Successful treatment of hepatitis C virus (HCV) infection and achieving sustained virological response (SVR) may reduce the risk for developing type 2 diabetes (T2D), according to a large cohort study published in the Journal of Viral Hepatitis.
Using data from the longitudinal Chronic Hepatitis Cohort study, a registry drawn from 4 geographically and racially diverse US health systems, researchers investigated the incidence of T2D at 12 weeks post-HCV treatment in 5127 patients infected with HCV without a history of T2D or hepatitis B. The average follow-up period was 3.7 years.
The researchers found that the incidence of T2D was significantly lower in patients who achieved a SVR (231/2748; 6.2%) compared with patients who failed HCV treatment (299/1279; 21.7%).
Among patients with hepatitis C, direct-acting antiviral regimens paritaprevir/ritonavir, ombitasvir, and dasabuvir (PrOD) and ledipasvir/sofosbuvir (LDV/SOF) were shown to be associated with a significant improvement in survival, according to the results of a study published in Clinical Infectious Diseases.
In this case-control study using the Electronically Retrieved Cohort of Hepatitis C Virus Infected Veterans (ERCHIVES), patients with hepatitis C initiated on PrOD (n=1473) or LDV/SOF (n=5497) were matched with control patients who were not started on treatment (n=6970). Exclusion criteria included HIV infection, hepatitis B surface antigen positivity, hepatocellular carcinoma, or missing hepatitis C RNA or Fibrosis-4 scores.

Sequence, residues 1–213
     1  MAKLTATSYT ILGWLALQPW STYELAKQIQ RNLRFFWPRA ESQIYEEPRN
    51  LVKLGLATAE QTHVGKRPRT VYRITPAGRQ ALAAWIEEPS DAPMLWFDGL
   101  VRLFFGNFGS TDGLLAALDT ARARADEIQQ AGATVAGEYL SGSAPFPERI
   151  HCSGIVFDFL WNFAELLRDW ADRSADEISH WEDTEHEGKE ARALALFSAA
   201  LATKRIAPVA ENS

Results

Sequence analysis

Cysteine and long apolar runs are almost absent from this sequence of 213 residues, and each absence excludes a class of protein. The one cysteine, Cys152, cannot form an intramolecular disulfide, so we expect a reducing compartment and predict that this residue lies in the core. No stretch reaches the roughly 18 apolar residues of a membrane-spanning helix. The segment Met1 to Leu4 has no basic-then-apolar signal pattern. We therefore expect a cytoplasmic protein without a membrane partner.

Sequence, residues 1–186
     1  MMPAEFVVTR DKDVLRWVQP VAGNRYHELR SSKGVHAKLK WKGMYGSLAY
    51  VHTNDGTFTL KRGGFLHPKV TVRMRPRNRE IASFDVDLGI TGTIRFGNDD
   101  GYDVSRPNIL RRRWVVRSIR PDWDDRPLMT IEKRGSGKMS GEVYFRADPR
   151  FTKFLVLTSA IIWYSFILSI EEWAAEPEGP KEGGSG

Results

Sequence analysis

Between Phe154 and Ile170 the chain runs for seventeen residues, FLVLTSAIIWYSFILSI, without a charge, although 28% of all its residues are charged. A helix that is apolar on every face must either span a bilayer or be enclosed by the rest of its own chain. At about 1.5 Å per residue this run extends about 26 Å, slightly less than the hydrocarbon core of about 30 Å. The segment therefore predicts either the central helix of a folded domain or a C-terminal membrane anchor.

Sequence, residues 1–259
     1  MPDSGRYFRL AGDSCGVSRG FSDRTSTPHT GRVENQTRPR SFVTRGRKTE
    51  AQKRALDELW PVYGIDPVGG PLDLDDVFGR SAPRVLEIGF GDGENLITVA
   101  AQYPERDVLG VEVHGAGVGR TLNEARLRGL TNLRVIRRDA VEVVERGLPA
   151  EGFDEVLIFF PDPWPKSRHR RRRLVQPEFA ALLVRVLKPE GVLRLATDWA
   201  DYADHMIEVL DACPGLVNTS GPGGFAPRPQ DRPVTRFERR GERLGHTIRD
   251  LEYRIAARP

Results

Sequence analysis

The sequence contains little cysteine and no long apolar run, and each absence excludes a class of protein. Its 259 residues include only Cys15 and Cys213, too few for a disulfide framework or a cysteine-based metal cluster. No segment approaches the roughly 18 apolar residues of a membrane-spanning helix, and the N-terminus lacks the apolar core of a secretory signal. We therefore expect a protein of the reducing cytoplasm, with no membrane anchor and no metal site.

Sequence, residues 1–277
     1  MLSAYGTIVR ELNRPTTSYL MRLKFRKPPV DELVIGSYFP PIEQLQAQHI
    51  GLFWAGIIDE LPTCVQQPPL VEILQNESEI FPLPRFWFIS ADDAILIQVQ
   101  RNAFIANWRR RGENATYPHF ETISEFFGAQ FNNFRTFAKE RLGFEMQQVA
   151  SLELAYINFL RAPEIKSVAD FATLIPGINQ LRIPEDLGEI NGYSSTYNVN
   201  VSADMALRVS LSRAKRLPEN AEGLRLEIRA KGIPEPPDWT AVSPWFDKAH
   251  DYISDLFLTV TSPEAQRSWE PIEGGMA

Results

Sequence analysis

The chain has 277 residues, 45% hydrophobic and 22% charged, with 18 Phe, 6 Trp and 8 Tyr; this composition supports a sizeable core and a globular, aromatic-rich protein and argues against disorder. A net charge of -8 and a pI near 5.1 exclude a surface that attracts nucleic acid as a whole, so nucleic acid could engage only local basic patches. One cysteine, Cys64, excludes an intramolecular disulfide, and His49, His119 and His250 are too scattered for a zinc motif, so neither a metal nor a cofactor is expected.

Mortality was higher in untreated people (2.5%) compared with those who received PrOD (0.3%; P<.001) or LDV/SOF (1.4%; P <.001). Moreover, survival at 18 months was higher in treated patients compared with those who were untreated.
Recently published data showed a link between sustained virologic response and a reduced risk for hepatocellular carcinoma among patients treated with direct-acting antivirals for hepatitis C.
“Data on HCC risk following DAA induced SVR are still sparse and conflicting,” Fasiha Kanwal, MD, MSHS, from the DeBakey Veterans Affairs Medical Center, Houston, Texas, and colleagues wrote. “We found that, among patients treated with DAA, virological cure of HCV resulted in a considerable reduction in the risk of HCC.However, the absolute risk of HCC was high in several patient groups who achieved cure, including [approximately] 40% of patients who had progressed to cirrhosis.”
To assess the risk and determinants for HCC in patients cured with DAAs, the researchers gathered data on 22,500 patients treated for HCV with DAAs from the Veterans Health Administration system, 19,518 of whom achieved SVR.
A little more than a year after the Netherlands instituted a policy allowing unrestricted access to direct-acting antivirals for the treatment of hepatitis C, researchers have already seen a dramatic decline in acute hepatitis C virus (HCV) infections among one at-risk population, HIV-positive men who have sex with men.
Starting in the early 2000s researchers began to report outbreaks of acute hepatitis C in European cities. Although sexual transmission of HCV is rare overall, it occurs more often among HIV-positive men who have sex with men (MSM).